Iceland is a small island state (about 320,000 inhabitants) just south of the Arctic circle, in the North Atlantic between Europe and North America.
The capital region, where the vast majority of the population lives. The north with a minor urban center around Akureyri, and popular lake Mývatn. The south with many impressive waterfalls, volcanoes and glaciers. The often neglected east with fjords, mountains and fishing villages. The remote Westfjords with very few people, very bad roads, and lots of scenic landscape. The uninhabited highlands that make up the biggest part of the country.
Reykjavik (120,000) and some less important ones in the capital region. Akureyri (18,000) in the north, Egilsstaðir (2,300) in the east, Ísafjörður (4,000) in the Westfjords.
By plane: with Icelandair or http://www.wowiceland.co.uk/. There's also a number of foreign airlines serving Reykjavik/Keflavik and sometimes Akureyri, especially during summer. By boat: There's a ferry connection via the Faroe Islands to Hanstolm and Esbjerg in Denmark.
By infrequent and expensive overland buses, rental cars or domestic flights. For the more adventurous, Iceland is a great country for hitch-hiking, though you should be prepared for cold, rainy/snowy and stormy weather, and you may have to be patient at times.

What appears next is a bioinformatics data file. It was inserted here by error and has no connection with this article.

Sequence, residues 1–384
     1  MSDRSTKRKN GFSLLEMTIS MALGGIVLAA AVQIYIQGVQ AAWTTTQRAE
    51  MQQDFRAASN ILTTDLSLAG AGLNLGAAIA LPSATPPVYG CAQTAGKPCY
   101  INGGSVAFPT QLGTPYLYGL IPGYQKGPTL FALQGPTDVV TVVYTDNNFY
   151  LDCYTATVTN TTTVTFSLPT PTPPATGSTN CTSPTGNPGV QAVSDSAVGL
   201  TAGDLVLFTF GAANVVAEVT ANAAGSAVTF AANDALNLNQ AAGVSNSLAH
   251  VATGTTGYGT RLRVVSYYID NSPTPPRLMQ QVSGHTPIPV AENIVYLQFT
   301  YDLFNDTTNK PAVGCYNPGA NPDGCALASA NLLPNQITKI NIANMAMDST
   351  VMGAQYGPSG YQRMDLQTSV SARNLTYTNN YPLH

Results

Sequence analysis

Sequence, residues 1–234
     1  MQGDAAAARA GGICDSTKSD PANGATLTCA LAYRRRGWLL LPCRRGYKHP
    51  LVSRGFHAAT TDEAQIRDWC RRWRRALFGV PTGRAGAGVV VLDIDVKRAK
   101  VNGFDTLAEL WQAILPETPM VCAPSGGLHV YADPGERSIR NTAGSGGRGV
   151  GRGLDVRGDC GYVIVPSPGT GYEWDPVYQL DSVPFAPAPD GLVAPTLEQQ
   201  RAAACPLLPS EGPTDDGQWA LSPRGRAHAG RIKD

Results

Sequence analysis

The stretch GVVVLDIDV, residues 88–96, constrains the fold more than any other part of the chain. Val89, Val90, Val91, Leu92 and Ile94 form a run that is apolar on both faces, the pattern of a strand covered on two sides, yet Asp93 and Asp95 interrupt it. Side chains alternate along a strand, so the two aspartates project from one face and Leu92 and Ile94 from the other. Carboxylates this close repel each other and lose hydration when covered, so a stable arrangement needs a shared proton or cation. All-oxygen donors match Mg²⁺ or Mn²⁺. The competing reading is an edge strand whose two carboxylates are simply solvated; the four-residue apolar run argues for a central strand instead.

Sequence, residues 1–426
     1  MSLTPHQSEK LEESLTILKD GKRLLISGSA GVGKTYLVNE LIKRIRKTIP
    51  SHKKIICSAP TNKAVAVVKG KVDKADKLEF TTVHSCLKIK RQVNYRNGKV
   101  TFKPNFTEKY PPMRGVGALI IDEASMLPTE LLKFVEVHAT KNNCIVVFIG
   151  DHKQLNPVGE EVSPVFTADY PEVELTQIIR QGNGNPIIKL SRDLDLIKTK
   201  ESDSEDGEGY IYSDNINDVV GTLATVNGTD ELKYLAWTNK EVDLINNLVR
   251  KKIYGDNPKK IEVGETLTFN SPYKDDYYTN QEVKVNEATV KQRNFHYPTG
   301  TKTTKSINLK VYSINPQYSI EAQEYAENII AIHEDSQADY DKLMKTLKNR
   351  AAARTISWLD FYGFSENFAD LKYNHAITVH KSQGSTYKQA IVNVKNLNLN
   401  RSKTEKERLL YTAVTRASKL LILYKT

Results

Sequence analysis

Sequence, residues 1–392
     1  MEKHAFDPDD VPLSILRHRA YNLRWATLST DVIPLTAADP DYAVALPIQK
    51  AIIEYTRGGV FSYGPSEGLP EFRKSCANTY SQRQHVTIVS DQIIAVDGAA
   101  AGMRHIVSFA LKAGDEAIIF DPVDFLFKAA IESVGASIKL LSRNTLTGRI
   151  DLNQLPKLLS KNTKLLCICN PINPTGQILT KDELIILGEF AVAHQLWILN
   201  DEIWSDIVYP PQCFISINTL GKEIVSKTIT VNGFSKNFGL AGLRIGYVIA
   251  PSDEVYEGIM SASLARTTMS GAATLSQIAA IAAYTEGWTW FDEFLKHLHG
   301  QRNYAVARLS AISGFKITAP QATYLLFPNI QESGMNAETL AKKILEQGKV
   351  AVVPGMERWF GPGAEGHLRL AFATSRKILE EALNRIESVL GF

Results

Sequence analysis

What to do
Once you leave the randomly built and very car-centered urban areas, you can hardly do anything wrong - you'll find exciting and beautiful places everywhere.
Icelanders are generally friendly, funny, open-minded, and speak English fairly to very well. Oh yeah, and there's Björk and so on, but Icelanders don't make a fuss about celebrities - partly because they're so few that a large percentage of the population is somewhat famous or has relatives or friends that are, and a lot of people are involved in arts and culture.